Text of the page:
SPEAKER: Yannick Moy

ABSTRACT. There is a strong link between software quality and software reliability. By decreasing the probability of imperfection in the software, we can augment its reliability guarantees. At one extreme, software with one unknown bug is not reliable. At the other extreme, perfect software is fully reliable. Formal verification with SPARK has been used for years to get as close as possible to zero-defect software. We present the well-established processes surrounding the use of SPARK at Altran UK, as well as the deployment experiments performed at Thales to fine-tune the gradual insertion of formal verification techniques in existing processes. Experience of both long-term and new users helped us define adoption and usage guidelines for SPARK based on five levels of increasing assurance that map well with industrial needs in practice.

A Framework for the Formal Verification of Networks of Railway Interlockings - Application to the Belgian Railways

ABSTRACT. Modern railway stations are controlled by computerized systems called interlockings. In fact the middle size and large size stations usually required to use several interlockings then forming a network. Many researches propose to verify the safety properties of such system by mean of model checking. Our approach goes a step further and proposes a method to extend the verification process to interconnected interlockings. This process is known as compositional verification. Each interlocking is seen as the component of a larger system (i.e.; station) and interacts with its neighbours by mean of interfaces. Our first contribution comes in the form of a catalogue of formal definitions covering all the interfaces used by the Belgian Railways. Each interface can then be bound to a formal contract allowing its verification by the ocra tool. Our second contribution is to propose an algorithm able to split the topology controlled by a single interlocking into components. This allows to reduce the size of the model to be verified thereby reducing the state space explosion while providing guarantees on the whole interlocking.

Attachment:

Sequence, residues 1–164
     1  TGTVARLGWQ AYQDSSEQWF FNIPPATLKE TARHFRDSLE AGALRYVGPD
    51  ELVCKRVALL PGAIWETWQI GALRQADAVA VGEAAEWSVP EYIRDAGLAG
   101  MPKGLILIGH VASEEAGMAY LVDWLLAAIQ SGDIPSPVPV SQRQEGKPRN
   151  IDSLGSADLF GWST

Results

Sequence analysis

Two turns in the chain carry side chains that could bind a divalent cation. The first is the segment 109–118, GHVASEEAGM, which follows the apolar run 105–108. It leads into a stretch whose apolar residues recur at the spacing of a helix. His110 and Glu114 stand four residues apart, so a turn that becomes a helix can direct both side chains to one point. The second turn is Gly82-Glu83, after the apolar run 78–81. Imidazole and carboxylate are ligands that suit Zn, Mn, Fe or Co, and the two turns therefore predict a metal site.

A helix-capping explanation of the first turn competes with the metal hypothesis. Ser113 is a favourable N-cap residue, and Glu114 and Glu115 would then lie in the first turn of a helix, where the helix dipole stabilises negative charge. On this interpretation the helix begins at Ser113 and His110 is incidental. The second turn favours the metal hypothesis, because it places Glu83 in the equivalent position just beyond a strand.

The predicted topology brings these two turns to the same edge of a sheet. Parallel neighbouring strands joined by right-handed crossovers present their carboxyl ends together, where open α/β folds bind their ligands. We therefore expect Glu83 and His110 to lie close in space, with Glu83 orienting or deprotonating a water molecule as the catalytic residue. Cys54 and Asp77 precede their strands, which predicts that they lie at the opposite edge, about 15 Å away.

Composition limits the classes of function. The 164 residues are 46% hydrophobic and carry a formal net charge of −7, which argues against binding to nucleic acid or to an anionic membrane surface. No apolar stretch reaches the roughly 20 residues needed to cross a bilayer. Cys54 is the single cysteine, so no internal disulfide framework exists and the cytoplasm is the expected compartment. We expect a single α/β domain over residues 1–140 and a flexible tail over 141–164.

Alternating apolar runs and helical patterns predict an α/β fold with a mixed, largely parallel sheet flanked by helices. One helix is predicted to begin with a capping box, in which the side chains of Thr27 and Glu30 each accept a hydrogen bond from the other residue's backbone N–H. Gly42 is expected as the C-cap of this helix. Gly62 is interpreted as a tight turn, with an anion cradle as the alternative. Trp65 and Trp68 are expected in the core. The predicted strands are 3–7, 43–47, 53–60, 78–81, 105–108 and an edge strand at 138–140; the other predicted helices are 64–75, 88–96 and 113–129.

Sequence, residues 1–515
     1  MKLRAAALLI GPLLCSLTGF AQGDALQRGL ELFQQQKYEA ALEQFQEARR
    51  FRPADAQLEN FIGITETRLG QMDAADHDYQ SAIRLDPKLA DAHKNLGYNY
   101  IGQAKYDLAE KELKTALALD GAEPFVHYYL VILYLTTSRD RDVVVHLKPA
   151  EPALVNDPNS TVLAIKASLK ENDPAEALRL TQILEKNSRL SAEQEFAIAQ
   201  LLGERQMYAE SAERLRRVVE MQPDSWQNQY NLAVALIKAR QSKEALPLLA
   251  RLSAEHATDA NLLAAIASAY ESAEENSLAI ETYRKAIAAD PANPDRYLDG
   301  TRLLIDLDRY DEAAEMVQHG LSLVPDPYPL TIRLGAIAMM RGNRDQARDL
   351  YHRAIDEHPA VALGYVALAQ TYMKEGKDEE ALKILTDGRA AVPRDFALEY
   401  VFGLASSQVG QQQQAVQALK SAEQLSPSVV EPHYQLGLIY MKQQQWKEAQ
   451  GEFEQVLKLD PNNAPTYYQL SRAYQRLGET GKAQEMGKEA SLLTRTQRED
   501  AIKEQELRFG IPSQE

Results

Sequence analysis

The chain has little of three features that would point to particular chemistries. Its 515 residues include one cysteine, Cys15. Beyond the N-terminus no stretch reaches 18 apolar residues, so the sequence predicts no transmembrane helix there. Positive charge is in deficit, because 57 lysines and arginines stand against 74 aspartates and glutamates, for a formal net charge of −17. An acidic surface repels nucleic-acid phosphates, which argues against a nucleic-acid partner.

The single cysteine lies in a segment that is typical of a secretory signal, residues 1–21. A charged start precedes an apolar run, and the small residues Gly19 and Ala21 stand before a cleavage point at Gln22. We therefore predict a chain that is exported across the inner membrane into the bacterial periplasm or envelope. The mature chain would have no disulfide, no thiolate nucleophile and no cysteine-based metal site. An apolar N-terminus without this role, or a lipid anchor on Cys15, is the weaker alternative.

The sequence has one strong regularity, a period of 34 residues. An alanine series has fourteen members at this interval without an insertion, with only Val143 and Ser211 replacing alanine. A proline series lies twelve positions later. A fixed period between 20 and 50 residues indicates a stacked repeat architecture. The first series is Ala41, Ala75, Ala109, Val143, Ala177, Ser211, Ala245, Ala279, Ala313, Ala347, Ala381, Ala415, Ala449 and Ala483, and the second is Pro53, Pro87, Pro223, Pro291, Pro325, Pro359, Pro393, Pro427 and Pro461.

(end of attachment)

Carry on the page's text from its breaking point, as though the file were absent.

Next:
12:30-14:00Lunch Break
14:00-15:30 Session 135A: Invited talk: Yannick Moy

Mostly harmless - luring programmers into proof with SPARK

Mostly harmless - luring programmers into proof with SPARK